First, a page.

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During a walk along the Taf Fechan valley in the Brecon Beacons, my walking partner and I were both surprised by what appeared to be a Raven completing a very rapid "twinkle" roll as it flew past us.
The bird was heading into wind and initially flying with "normal" wing beats. It then folded its wings into its body, perhaps with just the primaries protruding, and rolled very rapidly to the left, through the inverted and back to the upright position, before continuing "normal" flight. Both of us witnessed this manoeuvre (something neither of us had seen before and which a Red Arrows pilot would have been proud of), so I don't think it was imagined.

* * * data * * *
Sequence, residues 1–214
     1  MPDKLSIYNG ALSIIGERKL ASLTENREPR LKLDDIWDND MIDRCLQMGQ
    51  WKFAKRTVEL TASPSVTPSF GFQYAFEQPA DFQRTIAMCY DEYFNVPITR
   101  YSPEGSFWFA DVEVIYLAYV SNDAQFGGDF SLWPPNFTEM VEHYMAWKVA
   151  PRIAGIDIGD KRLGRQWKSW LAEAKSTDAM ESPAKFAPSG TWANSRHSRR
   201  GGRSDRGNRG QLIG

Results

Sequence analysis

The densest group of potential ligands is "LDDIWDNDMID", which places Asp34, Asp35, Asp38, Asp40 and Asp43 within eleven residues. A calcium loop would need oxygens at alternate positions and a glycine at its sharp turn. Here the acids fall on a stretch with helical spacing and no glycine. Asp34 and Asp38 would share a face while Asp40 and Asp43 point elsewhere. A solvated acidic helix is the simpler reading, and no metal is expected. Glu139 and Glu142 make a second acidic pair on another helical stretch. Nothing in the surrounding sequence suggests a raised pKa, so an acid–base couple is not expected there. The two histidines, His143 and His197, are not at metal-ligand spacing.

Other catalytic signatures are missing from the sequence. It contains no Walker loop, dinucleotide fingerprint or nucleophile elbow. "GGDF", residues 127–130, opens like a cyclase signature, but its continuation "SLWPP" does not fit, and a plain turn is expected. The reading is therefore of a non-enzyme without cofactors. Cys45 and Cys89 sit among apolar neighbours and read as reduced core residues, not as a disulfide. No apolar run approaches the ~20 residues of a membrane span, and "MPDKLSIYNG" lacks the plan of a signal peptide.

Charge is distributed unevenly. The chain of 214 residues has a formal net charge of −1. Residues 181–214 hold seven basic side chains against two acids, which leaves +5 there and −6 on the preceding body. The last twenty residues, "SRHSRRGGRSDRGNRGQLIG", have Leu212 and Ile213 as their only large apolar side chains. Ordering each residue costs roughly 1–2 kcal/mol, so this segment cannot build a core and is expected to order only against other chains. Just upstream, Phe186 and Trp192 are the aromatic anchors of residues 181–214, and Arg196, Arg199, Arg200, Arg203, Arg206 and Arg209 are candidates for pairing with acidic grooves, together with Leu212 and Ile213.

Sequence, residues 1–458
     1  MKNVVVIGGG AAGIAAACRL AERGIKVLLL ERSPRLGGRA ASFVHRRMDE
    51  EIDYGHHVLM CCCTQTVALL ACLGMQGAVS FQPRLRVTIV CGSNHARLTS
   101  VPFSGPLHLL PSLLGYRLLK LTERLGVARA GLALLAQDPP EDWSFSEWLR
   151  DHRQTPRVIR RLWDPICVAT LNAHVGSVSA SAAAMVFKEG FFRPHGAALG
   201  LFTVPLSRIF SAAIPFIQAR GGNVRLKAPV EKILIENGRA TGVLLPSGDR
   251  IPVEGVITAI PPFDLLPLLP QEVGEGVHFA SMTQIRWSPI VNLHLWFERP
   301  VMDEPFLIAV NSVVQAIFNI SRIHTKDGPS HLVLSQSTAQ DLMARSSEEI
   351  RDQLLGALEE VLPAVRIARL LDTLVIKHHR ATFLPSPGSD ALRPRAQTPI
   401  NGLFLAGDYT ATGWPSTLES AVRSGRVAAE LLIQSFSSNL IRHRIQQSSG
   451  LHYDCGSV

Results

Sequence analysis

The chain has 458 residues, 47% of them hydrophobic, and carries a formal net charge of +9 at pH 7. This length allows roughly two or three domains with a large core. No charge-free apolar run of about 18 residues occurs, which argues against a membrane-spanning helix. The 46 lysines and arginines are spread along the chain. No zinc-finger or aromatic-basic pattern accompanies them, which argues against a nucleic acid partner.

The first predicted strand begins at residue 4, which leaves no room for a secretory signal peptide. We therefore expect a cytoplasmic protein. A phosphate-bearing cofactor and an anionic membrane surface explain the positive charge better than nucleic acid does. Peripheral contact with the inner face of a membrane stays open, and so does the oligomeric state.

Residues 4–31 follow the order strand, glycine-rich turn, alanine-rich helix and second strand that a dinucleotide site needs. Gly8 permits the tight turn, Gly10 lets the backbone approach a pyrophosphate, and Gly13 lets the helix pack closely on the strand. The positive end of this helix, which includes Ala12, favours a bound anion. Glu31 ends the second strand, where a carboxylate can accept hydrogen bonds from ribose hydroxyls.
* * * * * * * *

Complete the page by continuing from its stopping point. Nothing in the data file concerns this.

The manoeuvre was extremely short-lived, so we didn't notice whether it was the wings or the tail that induced and controlled the roll.
There were both Ravens and Carrion Crows in the area, so although we are not sure the rolling bird was actually a Raven, we both presumed so, because we hadn't seen Crows act as aerobatically as Ravens.
We have seen birds (Buzzards) roll inverted to fend off attacks from other birds, but they usually have extended wings and roll relatively slowly. Is this form of rapid roll more common than we had thought?